"Here Today"
Song by Paul McCartney
from the album Tug of War
Released26 April 1982
GenreSoft rock
LabelParlophone (UK)
Columbia Records (US)
Songwriter(s)Paul McCartney
Producer(s)George Martin

"Here Today" is a song by Paul McCartney from his 1982 album Tug of War. He wrote the song as a tribute to his relationship with John Lennon, who was murdered in 1980.[1] He stated the song was composed in the form of an imaginary conversation the pair might have had. The song was produced by the Beatles' producer George Martin. Although not released as a single, the song reached No. 46 on the Billboard Mainstream Rock charts.[2]

Origins and meaning

Paul McCartney composed "Here Today" in mid-1981,[3] less than a year after John Lennon was murdered. In a 1982 interview with The Los Angeles Times, McCartney said that due to the honest and emotional nature of the song he was "kind of crying" when he wrote it.[4] He even found it difficult to talk about with the other remaining members of the Beatles.[5] The structure of the song itself is written like a dialogue between Lennon and McCartney. McCartney says that Lennon used to "lay into" McCartney, but often did not really mean it, and this is emulated in the hypothetical conversation where the two bicker over whether or not they really know each other. The song is about McCartney really trying to talk to Lennon, but finding it futile after the latter's death.[6]

McCartney describes parts of the song as being quite honest.[5] One verse in the song refers to an incident that occurred during the Beatles' first full American tour in 1964 when they were stranded in Key West, Florida during a hurricane.[5] Said McCartney,

It was during that night, when we'd all stayed up way too late, and we got so pissed that we ended up crying—about, you know, how wonderful we were, and how much we loved each other, even though we'd never said anything. It was a good one: you never say anything like that. Especially if you're a Northern Man.[6]

McCartney recorded "Here Today" sometime after June 1981 at his High Park home studio in Campbeltown, Scotland.[7] The Beatles' former producer George Martin produced the song and provided its orchestral accompaniment, performed by a string quartet at AIR Studios in London on 30 November 1981.[8] Mixing was done at Odyssey Studios in London on 9 December 1981.[3]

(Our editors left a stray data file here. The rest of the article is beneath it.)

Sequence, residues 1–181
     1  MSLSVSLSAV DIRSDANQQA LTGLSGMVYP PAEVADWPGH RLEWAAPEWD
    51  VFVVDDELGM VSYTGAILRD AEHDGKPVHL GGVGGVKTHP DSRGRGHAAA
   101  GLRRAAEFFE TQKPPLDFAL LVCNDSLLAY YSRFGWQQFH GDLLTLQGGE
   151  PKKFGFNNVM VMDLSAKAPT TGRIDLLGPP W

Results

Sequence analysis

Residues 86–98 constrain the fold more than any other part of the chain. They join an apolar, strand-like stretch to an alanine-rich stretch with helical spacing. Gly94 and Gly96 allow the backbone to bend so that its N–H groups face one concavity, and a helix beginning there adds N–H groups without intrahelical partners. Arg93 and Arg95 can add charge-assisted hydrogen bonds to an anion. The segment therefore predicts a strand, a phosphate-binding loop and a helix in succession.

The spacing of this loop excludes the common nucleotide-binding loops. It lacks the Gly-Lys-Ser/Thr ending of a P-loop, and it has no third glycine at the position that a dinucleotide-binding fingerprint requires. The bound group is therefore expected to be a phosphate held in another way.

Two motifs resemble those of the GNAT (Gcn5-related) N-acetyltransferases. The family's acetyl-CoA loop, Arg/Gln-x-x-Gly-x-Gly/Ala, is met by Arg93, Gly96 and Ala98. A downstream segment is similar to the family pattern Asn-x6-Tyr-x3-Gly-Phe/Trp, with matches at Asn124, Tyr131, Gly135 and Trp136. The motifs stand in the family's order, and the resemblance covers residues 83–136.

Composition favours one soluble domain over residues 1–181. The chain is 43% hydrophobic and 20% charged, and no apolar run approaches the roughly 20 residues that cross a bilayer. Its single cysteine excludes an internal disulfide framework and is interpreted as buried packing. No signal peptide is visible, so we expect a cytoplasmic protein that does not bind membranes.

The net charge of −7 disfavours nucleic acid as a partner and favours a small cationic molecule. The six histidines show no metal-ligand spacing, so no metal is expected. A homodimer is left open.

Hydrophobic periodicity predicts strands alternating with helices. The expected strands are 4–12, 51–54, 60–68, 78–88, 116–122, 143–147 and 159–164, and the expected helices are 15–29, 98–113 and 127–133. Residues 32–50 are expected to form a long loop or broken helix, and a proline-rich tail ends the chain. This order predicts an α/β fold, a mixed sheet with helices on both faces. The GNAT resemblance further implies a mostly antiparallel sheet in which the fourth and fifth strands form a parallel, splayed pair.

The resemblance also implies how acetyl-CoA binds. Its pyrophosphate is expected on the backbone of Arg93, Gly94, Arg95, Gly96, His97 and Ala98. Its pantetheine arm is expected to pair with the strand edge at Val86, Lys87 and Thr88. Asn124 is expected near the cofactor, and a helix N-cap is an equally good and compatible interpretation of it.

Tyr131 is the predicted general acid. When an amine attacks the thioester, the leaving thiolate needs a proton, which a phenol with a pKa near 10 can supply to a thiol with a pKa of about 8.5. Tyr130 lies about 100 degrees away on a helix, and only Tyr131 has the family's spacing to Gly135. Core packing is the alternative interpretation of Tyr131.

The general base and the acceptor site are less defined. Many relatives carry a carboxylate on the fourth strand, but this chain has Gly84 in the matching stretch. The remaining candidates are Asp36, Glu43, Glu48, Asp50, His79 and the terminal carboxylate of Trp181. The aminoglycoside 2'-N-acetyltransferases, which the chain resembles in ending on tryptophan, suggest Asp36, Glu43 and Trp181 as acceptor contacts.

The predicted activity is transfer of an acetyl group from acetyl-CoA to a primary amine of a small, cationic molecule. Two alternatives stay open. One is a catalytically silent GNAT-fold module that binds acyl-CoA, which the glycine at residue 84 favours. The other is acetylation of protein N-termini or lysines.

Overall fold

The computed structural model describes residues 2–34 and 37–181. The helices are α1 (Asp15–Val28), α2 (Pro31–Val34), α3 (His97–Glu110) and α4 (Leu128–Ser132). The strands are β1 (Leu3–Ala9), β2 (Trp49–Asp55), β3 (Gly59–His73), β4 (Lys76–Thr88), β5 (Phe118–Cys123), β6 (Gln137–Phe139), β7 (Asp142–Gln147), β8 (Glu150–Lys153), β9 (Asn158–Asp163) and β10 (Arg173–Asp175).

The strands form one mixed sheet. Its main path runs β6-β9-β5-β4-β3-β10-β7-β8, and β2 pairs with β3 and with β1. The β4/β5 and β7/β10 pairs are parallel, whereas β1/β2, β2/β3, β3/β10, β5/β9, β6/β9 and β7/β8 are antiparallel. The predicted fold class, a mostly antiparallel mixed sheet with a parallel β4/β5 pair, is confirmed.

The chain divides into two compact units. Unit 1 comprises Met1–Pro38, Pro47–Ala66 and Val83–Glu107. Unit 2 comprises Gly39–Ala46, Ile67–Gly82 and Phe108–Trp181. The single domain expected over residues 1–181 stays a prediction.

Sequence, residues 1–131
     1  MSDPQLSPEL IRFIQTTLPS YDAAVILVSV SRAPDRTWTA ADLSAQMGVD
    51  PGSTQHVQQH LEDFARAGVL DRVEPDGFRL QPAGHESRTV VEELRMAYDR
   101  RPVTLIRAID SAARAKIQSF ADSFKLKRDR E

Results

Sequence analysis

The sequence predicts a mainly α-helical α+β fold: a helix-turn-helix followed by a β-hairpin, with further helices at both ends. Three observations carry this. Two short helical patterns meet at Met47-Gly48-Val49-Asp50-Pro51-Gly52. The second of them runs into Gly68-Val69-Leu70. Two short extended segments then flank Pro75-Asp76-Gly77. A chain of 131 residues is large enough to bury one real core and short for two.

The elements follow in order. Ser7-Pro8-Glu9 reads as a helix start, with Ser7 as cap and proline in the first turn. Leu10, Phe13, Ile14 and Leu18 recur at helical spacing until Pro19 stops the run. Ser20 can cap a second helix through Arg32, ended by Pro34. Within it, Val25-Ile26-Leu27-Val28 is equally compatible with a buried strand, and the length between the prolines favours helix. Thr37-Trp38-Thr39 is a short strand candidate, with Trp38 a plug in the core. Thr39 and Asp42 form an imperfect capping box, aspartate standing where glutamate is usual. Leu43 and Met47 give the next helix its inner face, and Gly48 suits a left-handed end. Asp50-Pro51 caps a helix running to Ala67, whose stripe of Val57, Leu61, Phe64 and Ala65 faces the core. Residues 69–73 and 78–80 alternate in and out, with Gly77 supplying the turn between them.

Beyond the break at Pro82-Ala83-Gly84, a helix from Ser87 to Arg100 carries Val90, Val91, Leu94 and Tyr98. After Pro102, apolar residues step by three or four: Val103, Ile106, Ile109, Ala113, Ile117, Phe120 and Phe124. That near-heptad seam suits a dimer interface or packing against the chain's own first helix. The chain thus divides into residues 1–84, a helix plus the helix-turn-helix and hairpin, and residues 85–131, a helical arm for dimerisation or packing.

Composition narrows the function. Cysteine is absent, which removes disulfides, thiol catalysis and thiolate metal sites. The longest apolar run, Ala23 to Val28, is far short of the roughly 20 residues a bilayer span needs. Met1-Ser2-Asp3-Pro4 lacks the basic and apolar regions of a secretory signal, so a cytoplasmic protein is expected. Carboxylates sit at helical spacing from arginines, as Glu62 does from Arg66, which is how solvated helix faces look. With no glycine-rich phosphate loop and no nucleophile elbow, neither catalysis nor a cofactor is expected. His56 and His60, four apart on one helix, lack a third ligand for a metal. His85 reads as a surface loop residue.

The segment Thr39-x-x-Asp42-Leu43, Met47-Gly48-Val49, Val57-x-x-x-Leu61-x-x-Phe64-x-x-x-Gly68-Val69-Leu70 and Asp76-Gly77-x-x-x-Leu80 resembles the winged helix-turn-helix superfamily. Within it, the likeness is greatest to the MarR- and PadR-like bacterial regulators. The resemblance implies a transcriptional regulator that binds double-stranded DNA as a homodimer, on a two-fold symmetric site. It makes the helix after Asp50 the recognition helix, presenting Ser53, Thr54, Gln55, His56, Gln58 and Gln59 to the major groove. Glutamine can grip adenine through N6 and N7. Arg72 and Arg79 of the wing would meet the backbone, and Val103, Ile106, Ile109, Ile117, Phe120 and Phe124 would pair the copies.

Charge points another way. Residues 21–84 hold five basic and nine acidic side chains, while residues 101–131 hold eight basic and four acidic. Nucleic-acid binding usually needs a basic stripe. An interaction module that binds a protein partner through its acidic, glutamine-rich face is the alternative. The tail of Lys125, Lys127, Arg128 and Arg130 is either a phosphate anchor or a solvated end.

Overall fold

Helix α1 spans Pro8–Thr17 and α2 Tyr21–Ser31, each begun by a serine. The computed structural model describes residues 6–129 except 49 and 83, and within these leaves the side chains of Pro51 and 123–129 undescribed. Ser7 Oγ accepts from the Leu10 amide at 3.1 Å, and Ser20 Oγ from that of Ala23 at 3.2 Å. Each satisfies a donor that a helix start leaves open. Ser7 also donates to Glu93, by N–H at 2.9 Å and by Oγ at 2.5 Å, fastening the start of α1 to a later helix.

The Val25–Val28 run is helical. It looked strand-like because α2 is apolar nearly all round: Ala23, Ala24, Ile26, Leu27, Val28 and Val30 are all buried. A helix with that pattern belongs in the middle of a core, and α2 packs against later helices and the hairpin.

Live performances

McCartney often performs the song live, and it is featured on the live albums Back in the World, Back in the U.S., Amoeba Gig and Good Evening New York City.[1]

While performing the song, McCartney is prone to becoming choked up over the emotional content of the song. He told The Guardian,

At least once a tour, that song just gets me. I'm singing it, and I think I'm OK, and I suddenly realise it's very emotional, and John was a great mate and a very important man in my life, and I miss him, y'know?[6]


See also


  1. ^ a b "Here Today". AllMusic. Retrieved 16 July 2011.
  2. ^ "Tug of War charts and awards". AllMusic. Retrieved 16 July 2011.
  3. ^ a b Madinger & Easter 2018, p. 265.
  4. ^ "Keeping the Faith". The Paul McCartney project. Retrieved 21 August 2022.
  5. ^ a b c "Paul McCartney: Here Today". The Beatles Bible. 21 July 2013. Retrieved 21 November 2016.
  6. ^ a b c Harris, John (11 June 2004). "I'm still standing". The Guardian. ISSN 0261-3077. Retrieved 16 November 2016.
  7. ^ Badman 2001, p. 284.
  8. ^ Madinger & Easter 2018, pp. 262, 265.


  • Badman, Keith (2001). The Beatles Diary Volume 2: After The Break-Up 1970–2001. London: Omnibus Press. ISBN 0-7119-8307-0.
  • Madinger, Chip; Easter, Mark (2018). Eight Arms to Hold You: The Solo Beatles Compendium (Remastered ed.). Chesterfield: Open Your Books. ISBN 978-0-615-11724-9.